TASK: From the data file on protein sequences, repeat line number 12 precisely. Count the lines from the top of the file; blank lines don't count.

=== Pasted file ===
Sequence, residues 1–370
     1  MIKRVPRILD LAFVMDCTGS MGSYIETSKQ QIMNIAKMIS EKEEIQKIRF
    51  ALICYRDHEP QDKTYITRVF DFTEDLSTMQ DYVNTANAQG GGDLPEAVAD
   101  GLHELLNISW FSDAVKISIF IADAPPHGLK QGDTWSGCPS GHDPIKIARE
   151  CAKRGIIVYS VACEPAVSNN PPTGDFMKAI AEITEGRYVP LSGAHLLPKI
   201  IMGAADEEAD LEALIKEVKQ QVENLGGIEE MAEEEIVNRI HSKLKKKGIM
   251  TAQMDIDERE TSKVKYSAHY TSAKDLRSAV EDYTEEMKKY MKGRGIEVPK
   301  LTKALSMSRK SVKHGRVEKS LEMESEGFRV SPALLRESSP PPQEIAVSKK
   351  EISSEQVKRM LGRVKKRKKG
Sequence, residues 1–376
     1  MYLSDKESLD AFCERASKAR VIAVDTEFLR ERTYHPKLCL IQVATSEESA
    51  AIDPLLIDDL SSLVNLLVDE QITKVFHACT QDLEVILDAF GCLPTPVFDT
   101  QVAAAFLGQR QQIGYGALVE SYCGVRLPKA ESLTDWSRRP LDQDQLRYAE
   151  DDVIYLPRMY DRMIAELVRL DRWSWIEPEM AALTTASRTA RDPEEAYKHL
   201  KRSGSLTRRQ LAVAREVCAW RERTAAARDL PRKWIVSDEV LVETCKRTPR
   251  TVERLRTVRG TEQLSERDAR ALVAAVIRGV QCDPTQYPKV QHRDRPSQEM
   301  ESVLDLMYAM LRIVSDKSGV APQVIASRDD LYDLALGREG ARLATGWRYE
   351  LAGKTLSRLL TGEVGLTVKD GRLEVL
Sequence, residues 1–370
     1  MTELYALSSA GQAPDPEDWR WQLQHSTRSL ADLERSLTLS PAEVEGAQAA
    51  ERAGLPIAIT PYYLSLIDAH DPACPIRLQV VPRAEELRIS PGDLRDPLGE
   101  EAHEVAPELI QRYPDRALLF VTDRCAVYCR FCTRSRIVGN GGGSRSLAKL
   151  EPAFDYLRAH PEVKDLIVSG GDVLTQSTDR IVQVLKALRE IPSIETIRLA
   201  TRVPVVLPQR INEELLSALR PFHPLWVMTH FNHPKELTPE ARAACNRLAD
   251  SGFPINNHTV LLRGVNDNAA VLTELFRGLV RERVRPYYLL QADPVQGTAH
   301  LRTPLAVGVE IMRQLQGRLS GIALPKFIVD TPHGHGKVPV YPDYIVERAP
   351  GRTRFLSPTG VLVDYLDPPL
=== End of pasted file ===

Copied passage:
    51  AIDPLLIDDL SSLVNLLVDE QITKVFHACT QDLEVILDAF GCLPTPVFDT